the study of civic affairs and the duties and rights of citizenship.
I was not a very good science student. Thus, I was surprised that my investigation into the relationship between inquiry and democracy took me to San Francisco’s Exploratorium, a science museum with hundreds of interactive exhibits designed to allow anyone, of any age, to interact with the natural phenomena of the world. Rather than offering an authoritative analysis of just how we interact with science, the Exploratorium is an environment where people can figure out how things work, where they can observe, touch and play, and in the process, “nurture their curiosity about the world around them.”
What if we encouraged our citizens to approach democracy just as the students at the Exploratorium approach science? Like science, democracy is a messy business. We try one hypothesis and it doesn’t work, so we try another. It’s through the exploration of democracy that we can uncover its properties and understand our relationship to it. The kids at the Exploratorium fall in love with science because they can touch, feel, see and ask questions about what otherwise seems so remote; we can do the same with democracy if we let children in. As with science, democracy is all around us. But we need to experience it firsthand. There’s a name for that: civics.
The Civic Function of Schools
It is bizarre to have to make the case that the public school system should prepare citizens for democracy. This is, after all, why our public school system was founded in the first place.
In his farewell address as president in 1796, George Washington “recommended ‘as an object of primary importance’ the creation of ‘institutions for the general diffusion of knowledge.’ He gave a democratic argument for investing in education: ‘In proportion as the structure of a government gives force to public opinion,’ he said, ‘it is essential that public opinion should be enlightened,'” explains The Civic Mission of Schools, a landmark report released in 2003. It was Thomas Jefferson, however, who later made an explicit case for creating a public school system, from the early grades through university, and for that public school system to function with a civic purpose in mind. At his March 4, 1801, inaugural address, Jefferson stated that the principles of justice, freedom of religion, freedom of the press and the “anchor of peace” should be “the creed of our political faith, the text of civic instruction, the touchstone by which to try the services of those we trust.” Since the early times of our nation, the question wasn’t if the public schools should prepare effective citizens, but how.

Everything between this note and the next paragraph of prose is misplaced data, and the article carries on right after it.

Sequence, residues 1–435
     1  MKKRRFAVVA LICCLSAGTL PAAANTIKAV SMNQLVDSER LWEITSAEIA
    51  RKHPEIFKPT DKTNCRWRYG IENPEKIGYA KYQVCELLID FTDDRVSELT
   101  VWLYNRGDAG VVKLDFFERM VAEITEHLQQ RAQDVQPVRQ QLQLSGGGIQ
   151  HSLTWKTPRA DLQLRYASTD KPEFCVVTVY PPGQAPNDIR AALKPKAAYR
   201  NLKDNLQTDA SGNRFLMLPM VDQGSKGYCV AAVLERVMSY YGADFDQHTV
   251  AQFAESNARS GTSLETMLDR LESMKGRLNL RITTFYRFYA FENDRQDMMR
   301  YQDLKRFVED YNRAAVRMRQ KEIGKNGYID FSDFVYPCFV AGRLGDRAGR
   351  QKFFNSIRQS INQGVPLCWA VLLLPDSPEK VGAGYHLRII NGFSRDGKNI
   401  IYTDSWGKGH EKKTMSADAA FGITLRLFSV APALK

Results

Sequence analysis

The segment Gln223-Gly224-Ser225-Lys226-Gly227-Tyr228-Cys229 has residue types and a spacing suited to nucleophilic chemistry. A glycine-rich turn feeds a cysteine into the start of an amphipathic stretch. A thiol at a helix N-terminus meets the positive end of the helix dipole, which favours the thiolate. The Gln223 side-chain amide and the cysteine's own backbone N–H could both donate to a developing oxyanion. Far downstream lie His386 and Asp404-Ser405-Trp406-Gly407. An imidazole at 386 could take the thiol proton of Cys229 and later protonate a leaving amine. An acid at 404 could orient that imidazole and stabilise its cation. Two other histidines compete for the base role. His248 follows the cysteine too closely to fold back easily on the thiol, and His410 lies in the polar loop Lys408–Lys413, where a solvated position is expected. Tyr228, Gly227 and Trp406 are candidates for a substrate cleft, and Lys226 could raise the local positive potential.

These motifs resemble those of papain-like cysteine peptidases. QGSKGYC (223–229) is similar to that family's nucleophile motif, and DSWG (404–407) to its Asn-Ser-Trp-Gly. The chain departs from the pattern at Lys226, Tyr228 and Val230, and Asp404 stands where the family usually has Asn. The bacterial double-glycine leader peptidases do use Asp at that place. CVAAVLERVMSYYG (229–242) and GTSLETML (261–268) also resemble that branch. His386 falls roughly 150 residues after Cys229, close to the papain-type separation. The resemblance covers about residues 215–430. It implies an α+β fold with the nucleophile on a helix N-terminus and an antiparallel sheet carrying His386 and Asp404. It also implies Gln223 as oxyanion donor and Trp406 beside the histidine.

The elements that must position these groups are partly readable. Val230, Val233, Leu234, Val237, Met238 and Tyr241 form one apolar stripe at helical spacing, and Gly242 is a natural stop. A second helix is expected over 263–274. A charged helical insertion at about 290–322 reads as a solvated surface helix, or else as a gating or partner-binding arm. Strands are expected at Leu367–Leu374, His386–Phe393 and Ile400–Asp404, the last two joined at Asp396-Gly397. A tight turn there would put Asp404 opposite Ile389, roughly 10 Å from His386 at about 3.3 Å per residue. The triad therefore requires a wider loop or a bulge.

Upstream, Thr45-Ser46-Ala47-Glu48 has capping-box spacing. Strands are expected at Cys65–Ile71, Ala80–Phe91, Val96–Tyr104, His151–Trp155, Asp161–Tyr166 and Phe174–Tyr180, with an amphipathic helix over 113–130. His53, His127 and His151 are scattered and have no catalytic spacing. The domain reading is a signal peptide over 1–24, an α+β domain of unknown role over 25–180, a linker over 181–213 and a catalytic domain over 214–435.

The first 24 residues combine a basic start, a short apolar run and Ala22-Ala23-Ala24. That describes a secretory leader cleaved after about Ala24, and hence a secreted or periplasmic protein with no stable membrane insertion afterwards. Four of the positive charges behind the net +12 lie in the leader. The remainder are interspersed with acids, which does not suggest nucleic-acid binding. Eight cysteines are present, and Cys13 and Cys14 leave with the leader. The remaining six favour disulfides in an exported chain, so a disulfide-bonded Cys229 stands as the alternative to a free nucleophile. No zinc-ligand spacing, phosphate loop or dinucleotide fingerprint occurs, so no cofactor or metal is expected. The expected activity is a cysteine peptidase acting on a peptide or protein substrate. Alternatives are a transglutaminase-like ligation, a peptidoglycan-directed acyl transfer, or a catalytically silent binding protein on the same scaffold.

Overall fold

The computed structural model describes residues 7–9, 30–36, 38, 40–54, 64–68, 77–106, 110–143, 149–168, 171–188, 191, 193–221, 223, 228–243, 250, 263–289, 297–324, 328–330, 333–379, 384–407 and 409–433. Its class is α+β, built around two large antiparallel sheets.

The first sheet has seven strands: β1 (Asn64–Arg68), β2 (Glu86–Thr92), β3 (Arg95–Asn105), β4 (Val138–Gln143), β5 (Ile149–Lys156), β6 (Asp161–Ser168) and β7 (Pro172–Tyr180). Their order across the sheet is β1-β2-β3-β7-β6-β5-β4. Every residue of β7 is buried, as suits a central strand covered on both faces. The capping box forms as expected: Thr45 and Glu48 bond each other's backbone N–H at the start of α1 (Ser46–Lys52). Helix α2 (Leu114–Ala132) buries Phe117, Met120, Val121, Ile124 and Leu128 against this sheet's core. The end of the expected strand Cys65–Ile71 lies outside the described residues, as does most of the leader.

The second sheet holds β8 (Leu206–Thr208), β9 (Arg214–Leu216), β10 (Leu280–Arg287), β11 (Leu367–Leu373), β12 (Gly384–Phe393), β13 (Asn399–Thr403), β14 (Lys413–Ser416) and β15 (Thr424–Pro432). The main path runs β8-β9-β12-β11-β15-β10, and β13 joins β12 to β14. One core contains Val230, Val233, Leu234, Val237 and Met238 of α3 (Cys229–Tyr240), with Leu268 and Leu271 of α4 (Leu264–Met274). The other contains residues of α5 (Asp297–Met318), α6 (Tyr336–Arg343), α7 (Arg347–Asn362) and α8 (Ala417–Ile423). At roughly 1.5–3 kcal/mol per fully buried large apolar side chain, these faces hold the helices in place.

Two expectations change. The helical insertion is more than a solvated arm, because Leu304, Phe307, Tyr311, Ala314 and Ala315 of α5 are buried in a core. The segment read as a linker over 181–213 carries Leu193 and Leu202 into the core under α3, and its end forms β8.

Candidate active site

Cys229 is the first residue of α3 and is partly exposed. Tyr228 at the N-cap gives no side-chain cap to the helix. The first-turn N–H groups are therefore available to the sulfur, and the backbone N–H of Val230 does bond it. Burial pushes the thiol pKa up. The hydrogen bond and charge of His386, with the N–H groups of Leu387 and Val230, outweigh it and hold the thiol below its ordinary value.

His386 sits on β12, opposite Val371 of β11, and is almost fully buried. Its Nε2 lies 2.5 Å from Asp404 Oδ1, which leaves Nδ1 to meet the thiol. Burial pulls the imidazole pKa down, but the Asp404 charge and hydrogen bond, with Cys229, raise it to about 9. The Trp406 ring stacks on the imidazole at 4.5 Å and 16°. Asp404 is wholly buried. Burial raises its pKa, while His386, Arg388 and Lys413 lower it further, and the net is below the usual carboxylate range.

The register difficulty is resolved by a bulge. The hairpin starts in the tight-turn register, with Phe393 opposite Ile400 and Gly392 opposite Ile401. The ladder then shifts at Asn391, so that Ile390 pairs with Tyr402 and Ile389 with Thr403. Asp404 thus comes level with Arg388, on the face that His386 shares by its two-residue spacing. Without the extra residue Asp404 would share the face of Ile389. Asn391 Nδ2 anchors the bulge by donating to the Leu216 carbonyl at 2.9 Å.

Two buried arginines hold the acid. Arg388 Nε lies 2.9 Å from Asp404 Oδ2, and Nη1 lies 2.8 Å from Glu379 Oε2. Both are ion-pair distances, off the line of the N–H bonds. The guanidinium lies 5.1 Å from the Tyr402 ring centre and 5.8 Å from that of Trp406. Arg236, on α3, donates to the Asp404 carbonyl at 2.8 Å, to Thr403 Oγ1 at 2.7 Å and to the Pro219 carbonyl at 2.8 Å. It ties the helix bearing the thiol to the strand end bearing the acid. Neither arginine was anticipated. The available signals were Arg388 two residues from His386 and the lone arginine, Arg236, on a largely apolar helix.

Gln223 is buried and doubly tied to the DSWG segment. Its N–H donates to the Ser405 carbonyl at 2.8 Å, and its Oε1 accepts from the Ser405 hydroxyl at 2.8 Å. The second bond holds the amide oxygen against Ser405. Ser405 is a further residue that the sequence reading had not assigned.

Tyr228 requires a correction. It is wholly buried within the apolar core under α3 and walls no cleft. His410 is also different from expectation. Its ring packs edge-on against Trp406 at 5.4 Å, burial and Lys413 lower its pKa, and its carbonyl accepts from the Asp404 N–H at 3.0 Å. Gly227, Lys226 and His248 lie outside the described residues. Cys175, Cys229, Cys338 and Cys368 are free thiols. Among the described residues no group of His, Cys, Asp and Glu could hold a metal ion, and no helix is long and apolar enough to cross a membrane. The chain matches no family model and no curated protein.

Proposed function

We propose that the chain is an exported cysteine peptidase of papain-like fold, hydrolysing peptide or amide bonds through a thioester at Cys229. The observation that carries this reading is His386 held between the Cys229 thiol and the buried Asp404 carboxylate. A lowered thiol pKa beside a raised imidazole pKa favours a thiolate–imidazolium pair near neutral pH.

Yet 100 years later, the American Political Science Association asked, “Is it not a curious fact that though our schools are largely instituted, supported, and operated by the government, the study of American government in the schools and colleges is the last subject to receive adequate attention?” This “practical education in our duties and responsibilities as citizens” is civics. History is the study of that which has happened. Civics prepares each and every one of us to make our own history, by giving us the skills to navigate our democracy.